On the first full day of our trip we took the subway to lower Manhattan and walked to ground zero. One thing that seemed odd to me is that even though the new tower is the tallest structure in Manhattan, you can’t see it as you approach. I was looking for it as a visual clue on how to get there, but the view of it is blocked by other tall buildings, so I had to use the map application on my phone for navigation.

Finally, you round a corner and there it is. Another odd thing is that it doesn’t look that tall when you’re right up near it. I think there must be an optical illusion at play related to the tower’s wide footprint and narrowing shape as it rises skyward. When you see the tower from a distance (e.g., from the Brooklyn Bridge), it is very impressive and there is a direct correlation between how far away you are and how tall the tower appears in relation to the rest of the skyline.

I remember visiting New York as a child and seeing the twin towers. By comparison, the new tower struck me as kind of an only child; somewhat lonely. The choice to build one tower instead of two probably had to do with the building site. The tower competes for space with the footprints of the twin towers, which incorporate the memorial and the museum, so my guess is building two towers was never a possibility. That said, they did a nice job of the fitting the new tower into the site without creating a shoe-horned feel; it looks like it belongs there.

If you plan to visit the 9/11 memorial, I recommend that you visit the museum first, before contemplating the fountain memorials inscribed with the names of those lost. The effect of the fountains will be much more profound that way.

Kudos to the people involved in creating the memorial and museum. I can’t imagine the difficulty of conveying the experience New Yorkers went through that day, while respecting the sanctity of the site itself, which is, in effect, the final resting place of those whose remains were vaporized in the collapse of the towers and could never be recovered. So, here is my subjective perspective on the memorial and museum.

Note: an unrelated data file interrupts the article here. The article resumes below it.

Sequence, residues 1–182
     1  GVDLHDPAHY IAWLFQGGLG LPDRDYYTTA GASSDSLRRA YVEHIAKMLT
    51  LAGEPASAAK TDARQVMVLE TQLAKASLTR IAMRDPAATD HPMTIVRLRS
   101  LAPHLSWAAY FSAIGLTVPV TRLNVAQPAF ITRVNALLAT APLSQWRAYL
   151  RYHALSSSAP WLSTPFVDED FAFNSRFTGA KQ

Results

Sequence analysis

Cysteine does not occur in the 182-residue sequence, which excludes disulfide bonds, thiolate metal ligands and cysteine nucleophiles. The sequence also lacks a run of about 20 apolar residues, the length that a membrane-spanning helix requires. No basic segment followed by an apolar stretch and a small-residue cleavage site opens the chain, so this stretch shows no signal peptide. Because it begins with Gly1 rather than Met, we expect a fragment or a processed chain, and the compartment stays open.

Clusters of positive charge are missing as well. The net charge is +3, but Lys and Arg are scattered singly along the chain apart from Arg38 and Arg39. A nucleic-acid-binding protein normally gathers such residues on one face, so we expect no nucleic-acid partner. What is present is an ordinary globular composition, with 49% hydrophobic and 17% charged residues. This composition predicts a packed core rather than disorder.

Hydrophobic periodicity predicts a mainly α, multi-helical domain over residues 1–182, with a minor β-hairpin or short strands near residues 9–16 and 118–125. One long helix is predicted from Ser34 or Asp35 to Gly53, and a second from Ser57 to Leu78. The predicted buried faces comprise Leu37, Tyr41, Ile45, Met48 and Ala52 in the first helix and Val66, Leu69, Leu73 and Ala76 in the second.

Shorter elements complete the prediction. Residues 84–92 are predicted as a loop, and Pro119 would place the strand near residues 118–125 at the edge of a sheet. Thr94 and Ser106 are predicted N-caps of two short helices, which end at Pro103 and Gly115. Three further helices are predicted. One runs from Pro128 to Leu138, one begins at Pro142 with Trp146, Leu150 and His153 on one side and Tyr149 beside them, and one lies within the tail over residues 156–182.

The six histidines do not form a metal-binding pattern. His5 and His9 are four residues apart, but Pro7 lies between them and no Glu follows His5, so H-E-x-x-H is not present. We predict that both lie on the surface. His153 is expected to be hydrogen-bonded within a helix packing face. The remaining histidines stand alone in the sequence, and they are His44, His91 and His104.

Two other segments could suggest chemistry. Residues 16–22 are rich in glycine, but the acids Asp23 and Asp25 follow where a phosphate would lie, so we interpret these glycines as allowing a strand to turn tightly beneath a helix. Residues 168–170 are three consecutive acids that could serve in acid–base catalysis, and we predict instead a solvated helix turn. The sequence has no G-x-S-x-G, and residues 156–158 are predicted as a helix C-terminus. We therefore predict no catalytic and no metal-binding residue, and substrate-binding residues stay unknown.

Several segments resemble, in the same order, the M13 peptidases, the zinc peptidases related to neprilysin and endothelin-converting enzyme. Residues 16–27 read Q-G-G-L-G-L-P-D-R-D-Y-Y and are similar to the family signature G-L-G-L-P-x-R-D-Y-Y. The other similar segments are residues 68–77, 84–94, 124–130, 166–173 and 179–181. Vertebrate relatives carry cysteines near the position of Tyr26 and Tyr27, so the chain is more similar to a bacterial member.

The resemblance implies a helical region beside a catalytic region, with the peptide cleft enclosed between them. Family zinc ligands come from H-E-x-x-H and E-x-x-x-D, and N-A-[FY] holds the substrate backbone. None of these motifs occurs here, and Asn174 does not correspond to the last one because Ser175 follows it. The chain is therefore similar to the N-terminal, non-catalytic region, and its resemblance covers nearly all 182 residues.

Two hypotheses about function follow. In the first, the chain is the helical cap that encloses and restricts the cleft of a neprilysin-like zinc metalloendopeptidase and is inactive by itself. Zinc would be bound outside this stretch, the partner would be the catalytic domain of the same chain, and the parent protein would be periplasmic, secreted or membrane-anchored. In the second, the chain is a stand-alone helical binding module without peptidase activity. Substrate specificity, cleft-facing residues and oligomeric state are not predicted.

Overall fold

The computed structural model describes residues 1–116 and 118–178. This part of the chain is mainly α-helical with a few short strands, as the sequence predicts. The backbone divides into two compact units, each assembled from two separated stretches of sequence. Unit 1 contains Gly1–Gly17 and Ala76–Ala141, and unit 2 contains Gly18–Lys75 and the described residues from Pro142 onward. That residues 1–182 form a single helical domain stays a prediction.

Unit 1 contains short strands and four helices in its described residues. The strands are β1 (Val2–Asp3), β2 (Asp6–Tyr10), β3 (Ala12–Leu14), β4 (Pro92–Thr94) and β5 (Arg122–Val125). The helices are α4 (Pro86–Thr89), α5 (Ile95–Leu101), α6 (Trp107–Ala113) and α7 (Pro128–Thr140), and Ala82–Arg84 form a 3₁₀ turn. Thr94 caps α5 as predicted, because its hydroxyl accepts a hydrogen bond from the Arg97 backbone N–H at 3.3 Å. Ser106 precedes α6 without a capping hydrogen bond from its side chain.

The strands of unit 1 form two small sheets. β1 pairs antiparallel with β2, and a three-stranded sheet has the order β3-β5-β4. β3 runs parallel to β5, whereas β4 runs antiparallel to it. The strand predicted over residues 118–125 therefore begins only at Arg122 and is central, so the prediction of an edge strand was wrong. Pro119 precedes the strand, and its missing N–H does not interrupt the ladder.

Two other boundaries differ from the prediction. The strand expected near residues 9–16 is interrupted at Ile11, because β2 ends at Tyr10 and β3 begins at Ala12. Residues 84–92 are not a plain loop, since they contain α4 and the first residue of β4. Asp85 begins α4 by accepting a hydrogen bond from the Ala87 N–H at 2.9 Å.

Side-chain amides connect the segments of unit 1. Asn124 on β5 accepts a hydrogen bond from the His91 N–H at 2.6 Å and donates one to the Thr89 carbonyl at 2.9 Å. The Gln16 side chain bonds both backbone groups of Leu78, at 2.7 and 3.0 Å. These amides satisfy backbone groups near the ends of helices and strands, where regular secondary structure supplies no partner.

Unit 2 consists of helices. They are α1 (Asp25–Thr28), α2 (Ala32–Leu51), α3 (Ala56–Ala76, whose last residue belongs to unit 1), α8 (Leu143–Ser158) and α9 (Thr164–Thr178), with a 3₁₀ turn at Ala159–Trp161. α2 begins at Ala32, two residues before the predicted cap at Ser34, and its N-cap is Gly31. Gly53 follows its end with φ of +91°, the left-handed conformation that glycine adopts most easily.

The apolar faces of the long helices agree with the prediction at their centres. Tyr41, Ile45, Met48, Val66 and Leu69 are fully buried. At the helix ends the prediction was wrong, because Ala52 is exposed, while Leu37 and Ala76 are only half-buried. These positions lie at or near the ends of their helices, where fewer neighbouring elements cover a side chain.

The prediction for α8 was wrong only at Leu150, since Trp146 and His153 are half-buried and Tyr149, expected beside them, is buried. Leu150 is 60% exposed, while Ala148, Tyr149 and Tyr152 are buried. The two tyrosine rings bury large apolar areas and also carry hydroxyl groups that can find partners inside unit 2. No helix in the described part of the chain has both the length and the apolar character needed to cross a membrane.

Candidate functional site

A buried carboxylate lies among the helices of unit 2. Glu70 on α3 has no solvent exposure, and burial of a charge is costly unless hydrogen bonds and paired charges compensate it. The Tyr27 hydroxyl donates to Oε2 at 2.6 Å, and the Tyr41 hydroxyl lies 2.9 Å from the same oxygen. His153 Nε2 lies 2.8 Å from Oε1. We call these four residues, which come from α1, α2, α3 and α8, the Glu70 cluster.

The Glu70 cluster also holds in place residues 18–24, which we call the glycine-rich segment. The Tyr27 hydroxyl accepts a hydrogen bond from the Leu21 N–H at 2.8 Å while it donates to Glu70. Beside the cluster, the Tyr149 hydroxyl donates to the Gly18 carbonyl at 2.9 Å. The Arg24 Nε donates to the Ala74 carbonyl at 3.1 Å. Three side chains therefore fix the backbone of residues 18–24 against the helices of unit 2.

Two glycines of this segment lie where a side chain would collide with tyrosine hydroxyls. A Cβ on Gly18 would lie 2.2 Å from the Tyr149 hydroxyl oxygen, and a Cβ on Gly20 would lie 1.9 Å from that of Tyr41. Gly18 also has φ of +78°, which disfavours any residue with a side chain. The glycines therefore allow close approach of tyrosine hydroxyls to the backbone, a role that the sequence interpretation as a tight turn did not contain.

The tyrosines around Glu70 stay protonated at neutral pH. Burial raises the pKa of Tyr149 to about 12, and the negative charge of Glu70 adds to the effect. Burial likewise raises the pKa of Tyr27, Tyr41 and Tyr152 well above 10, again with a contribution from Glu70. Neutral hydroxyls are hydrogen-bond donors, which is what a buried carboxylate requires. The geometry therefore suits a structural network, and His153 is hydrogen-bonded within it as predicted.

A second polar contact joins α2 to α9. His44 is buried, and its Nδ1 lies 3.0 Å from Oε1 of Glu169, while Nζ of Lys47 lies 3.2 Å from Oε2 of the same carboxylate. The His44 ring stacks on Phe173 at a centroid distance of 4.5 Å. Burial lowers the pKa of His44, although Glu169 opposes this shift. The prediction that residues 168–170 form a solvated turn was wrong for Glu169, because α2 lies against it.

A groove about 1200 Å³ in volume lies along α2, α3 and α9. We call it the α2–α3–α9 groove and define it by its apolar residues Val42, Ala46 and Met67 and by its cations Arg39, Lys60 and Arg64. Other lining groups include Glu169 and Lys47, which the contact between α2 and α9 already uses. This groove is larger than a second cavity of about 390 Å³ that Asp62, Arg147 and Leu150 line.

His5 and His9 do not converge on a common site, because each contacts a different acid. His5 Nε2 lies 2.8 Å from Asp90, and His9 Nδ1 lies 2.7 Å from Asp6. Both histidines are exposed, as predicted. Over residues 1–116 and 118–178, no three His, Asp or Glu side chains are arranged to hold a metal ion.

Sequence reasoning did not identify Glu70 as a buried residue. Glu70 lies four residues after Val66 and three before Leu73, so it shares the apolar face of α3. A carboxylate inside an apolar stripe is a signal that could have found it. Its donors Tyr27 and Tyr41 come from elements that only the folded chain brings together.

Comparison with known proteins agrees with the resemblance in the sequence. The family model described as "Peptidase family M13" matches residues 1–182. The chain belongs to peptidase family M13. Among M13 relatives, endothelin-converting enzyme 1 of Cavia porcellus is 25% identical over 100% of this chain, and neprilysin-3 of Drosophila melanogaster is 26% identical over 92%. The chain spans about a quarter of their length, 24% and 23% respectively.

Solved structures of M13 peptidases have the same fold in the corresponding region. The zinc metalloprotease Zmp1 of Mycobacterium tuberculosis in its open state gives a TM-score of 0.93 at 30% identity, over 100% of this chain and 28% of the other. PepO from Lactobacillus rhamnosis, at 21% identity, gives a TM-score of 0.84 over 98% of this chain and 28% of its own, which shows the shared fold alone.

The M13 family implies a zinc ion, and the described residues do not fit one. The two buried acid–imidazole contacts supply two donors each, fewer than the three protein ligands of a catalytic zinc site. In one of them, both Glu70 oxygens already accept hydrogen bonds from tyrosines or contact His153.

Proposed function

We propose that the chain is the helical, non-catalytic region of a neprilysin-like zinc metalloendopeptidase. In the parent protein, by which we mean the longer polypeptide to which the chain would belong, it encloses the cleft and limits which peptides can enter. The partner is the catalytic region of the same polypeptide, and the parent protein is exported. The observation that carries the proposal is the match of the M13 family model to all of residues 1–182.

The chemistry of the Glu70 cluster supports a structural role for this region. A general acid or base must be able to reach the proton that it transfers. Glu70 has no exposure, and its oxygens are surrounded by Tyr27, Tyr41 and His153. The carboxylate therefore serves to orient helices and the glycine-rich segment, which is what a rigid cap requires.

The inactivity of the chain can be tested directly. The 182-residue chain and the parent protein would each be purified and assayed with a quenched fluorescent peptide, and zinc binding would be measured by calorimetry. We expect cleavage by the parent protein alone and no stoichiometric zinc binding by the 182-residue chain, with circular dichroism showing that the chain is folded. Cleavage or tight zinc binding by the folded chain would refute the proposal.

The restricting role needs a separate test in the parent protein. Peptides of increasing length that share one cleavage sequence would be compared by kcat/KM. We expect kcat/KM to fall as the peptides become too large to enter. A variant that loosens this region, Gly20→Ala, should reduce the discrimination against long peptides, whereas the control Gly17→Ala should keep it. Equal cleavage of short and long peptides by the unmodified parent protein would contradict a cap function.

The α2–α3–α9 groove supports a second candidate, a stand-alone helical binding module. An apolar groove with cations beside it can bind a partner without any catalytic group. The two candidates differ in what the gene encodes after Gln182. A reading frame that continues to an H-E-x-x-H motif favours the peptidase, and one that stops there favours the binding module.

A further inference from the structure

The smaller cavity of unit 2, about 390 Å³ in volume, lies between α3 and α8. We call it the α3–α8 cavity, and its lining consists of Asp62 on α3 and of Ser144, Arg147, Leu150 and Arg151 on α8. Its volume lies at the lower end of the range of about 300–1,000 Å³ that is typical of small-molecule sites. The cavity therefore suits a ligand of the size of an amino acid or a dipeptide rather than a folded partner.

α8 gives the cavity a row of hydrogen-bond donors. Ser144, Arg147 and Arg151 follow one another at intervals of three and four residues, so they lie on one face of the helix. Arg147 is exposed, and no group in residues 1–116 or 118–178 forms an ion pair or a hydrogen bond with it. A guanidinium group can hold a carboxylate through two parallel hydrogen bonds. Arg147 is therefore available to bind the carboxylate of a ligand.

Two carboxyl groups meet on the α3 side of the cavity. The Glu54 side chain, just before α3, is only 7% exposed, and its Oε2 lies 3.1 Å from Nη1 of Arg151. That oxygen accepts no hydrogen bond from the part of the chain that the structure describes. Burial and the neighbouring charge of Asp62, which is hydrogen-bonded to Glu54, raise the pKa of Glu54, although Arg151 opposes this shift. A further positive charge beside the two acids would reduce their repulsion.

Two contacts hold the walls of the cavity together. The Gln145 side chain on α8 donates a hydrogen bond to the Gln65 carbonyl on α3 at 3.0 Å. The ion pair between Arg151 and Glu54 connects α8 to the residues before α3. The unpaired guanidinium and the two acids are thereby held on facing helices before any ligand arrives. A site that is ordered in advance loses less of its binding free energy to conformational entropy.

To me, the most important aspect is that the footprints of the twin towers are incorporated into the museum experience. By that I mean there is an above ground structure that you enter, and after passing through security you go through an introductory exhibit that leads down into the ground to an overlook. When you get to the overlook you instantly realize that you are looking at the actual excavated area below where the towers stood; you recognize it from the innumerable television broadcasts that showed the workers digging out the debris. When I walked to the edge and looked down, my breath caught in my throat and my eyes moistened.

Care has been taken to retain features of the footprints; there are still pieces of metal supports sticking out the sides of the walls. The space hasn’t been prettied up at all, except for removal of the debris. A sloped walkway leads you down, down, into the ground, past a sign that says here is the epicenter of where the truck bomb exploded in the first terrorist attack on the towers back in the 90’s. You continue going down the sloped walkway until you are at the bottom, which is decorated sparsely with a few items: a crushed fire truck; a huge steel beam bent back on itself like a pretzel; a display case of personal items recovered from the debris field. There is also the so called “last column,” a rectangular monolith of steel and concrete that is covered with the names of various fire companies and other memories of the first responders. It’s devastating. There is nothing they could have created in that space more impactful than the simple space that was left when the debris was removed; it is unique, haunting, a bit claustrophobic, and evocative of the experience of those who died there, and of those who toiled there in the aftermath.